“It's just for this week,” he said. “It would be up to her, but I don't think she's making plans of a comeback. I was being a bit opportunistic in contacting her and coaxing her out of retirement, I guess. But I think she's having a good week. We'll just take it one week at the moment.”

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After tense Augusta Sunday, Rory ready to be aggressive

By Ryan LavnerJuly 20, 2018, 1:51 pm

CARNOUSTIE, Scotland – Rory McIlroy temporarily lost his superpowers during the Masters.  

In one of the most surprising rounds of the year, he played tentatively and carefully during the final day. Squaring off against the major-less Patrick Reed, on the brink of history, with the backing of nearly the entire crowd, it was McIlroy who shrank in the moment, who looked like the one searching for validation. He shot a joyless 74 and wound up six shots behind Reed.

No, the final round was nowhere near as dispiriting as the finale in 2011, but McIlroy still sulked the following week. He binge-watched TV shows. Devoured a few books. Guzzled a couple of bottles of wine. His pity party lasted a few days, until his wife, Erica, finally dragged him out of the house for a walk.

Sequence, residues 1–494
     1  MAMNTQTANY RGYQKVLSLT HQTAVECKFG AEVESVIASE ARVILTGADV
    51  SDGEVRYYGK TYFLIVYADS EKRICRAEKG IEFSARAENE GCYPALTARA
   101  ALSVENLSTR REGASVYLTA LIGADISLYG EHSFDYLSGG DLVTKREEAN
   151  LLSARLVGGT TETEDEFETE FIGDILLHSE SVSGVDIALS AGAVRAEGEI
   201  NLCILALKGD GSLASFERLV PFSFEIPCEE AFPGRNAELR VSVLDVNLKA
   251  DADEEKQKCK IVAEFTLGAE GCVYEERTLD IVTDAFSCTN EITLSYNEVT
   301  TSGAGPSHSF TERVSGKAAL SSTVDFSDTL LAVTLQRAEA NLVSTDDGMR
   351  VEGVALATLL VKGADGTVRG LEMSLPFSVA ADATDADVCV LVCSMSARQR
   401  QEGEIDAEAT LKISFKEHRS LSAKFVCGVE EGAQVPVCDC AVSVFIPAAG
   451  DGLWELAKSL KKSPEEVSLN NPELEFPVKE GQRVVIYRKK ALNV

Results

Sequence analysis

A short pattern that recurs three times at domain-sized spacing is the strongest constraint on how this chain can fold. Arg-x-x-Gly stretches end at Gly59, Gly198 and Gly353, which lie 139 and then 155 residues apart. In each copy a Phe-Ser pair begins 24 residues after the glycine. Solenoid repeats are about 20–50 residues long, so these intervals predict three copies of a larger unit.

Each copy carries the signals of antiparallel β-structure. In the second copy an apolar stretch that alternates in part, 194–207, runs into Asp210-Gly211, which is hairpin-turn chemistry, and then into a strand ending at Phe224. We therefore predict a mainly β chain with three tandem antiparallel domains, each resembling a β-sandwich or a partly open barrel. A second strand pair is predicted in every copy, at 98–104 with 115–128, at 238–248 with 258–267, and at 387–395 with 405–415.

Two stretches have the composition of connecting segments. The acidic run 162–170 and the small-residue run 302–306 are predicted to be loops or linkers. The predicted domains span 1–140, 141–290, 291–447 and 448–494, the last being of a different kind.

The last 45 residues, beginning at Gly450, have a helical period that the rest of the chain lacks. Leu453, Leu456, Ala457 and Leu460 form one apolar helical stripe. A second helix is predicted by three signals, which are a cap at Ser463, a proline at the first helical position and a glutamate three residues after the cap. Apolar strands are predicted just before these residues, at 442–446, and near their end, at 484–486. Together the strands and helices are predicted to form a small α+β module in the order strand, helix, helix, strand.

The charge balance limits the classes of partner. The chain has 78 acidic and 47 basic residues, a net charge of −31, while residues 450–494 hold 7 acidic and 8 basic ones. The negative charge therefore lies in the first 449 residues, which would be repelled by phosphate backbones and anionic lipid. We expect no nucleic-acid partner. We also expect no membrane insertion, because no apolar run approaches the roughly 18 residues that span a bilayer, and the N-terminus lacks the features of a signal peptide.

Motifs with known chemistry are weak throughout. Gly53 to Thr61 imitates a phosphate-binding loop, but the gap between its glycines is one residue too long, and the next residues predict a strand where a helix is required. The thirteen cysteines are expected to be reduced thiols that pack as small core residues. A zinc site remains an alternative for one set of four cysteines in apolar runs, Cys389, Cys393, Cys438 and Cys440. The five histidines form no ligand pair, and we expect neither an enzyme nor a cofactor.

Some deeper introspection was required, and McIlroy revealed a healthier self-analysis Friday at Carnoustie. He diagnosed what went wrong at Augusta, and then again two months later at the U.S. Open, where he blew himself out of the tournament with an opening 80.

“I was worrying too much about the result, not focusing on the process,” he said. “Sunday at Augusta was a big learning curve for me because, even if I hadn’t won that tournament, but I went down swinging and aggressive and committing to every shot, I would have walked away a lot happier.”


Full-field scores from the 147th Open Championship

Full coverage of the 147th Open Championship


And so McIlroy has a new mantra this week at The Open.

Let it go.

Don’t hold back. Don’t worry about the repercussions. Don’t play scared.

“I’m committed to making sure, even if I don’t play my best golf and don’t shoot the scores I want, I’m going to go down swinging, and I’m going to go down giving my best,” he said. “The result is the byproduct of all the little things you do to lead up to that. Sometimes I’ve forgotten that, and I just need to get back in that mindset.”

It’s worked through two rounds, even after the cool, damp conditions led McIlroy to abandon his ultra-aggressive strategy. He offset a few mistakes with four birdies, shooting a second consecutive 69 to sit just a couple of shots off the lead.